As such, the oil refused to mix with the brandy and ajento, and rose stubbornly to the top, where it coasted every sip of the ginger scald. Perhaps truly scalding it would have help fuse the ingredients, but I think the overall effect would have been a drink garnished with fried ginger oil instead of raw ginger oil. Oddly enough, while the drink tasted mainly of ginger oil, the dominating smell was radish. And while I can't say that my version of the scald
hit my lips and limned
”every tiny crack with stinging pain, and (outlined) every crevice between teeth and gums in exquisite pain”, the unorthodox oily texture and pungency of the radish made this drink quite uncomfortable.
I had a suspicion that I wouldn't want to imbibe a full serving of the scald, and made an alternate version with ginger beer instead of ginger oil. Although much more palatable in texture, the strong radish smell refused to be subdued, and I think I've probably drunk my two and only ginger scalds.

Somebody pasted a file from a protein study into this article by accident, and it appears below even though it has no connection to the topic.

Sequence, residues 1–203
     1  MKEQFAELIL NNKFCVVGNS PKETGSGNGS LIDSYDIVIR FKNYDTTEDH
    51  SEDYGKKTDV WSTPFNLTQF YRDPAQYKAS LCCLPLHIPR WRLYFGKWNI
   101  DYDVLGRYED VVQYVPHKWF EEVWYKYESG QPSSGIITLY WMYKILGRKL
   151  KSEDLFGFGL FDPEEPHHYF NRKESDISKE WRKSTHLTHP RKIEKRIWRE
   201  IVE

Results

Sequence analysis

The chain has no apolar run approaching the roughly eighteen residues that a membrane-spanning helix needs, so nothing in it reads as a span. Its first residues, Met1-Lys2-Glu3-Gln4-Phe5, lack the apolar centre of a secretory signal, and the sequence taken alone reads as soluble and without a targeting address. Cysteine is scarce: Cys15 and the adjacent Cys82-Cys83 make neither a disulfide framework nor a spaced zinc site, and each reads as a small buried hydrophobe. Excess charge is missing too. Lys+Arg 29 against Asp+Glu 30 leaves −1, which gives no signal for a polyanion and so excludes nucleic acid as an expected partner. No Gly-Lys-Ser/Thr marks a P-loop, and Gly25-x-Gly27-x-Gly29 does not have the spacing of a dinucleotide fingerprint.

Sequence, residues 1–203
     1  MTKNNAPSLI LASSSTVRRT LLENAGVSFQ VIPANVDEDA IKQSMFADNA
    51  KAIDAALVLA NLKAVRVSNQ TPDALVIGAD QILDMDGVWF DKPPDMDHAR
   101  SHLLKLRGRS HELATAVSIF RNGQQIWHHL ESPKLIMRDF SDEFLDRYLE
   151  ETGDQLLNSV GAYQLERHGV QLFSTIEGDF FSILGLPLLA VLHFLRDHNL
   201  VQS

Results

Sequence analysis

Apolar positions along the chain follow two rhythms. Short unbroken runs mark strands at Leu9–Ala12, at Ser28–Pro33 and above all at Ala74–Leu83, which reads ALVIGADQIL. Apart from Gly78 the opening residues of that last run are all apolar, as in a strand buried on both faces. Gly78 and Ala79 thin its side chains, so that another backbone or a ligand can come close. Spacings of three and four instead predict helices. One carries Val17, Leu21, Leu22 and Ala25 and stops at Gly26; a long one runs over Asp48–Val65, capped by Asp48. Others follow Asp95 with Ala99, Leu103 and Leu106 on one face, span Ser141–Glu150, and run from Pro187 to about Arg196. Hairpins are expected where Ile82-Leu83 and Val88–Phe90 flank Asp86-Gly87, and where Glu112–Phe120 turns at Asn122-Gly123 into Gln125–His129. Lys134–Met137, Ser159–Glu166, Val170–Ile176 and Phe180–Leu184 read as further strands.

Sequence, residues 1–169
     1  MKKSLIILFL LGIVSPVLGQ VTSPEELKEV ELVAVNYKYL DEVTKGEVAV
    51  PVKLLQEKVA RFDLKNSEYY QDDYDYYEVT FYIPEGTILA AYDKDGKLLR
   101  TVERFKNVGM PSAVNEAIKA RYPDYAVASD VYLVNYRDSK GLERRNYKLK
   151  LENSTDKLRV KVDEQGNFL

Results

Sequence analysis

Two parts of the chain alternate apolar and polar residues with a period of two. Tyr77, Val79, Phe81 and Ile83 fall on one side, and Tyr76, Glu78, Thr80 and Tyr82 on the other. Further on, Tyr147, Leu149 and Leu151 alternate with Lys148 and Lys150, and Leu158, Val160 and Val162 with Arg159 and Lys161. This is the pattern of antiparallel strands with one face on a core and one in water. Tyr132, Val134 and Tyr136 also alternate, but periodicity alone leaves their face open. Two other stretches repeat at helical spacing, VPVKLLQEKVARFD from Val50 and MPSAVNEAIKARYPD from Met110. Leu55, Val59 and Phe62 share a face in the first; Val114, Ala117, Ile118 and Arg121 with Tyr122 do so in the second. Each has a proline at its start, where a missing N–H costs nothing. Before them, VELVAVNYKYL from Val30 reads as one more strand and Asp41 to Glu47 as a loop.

Colcannon at the Change of the Season · 4 September 2007
I’ve been mostly absent from the kitchen for several weeks due to the intense heat (and lack of air conditioning at home) but weather here is finally cooling down. Long after the sun had set and the warmth of the day seeped out of the walls of my house, I braved the kitchen to make Colcannon as a final look at Tipperary before moving on to the talk of the season, Carl’s R.I.P. challenge.
In the novel Tipperary, Charles wanders around Ireland and interacts with both the rich and the poor. He has quite a few gastronomic stories to share, but as always they’re couched in the terms of his constant exposition on love and Ireland.
He is considering the problem of land ownership, and trying to define the differences in the love for the land between the Anglo-Irish and the Irish when he recalls some funny stories about eating around the country.
The Anglo-Irish he claims, for all their wealth, set a very poor table, while the Irish may not have two coins to rub together, but always share the best they have and prepare their food with pride.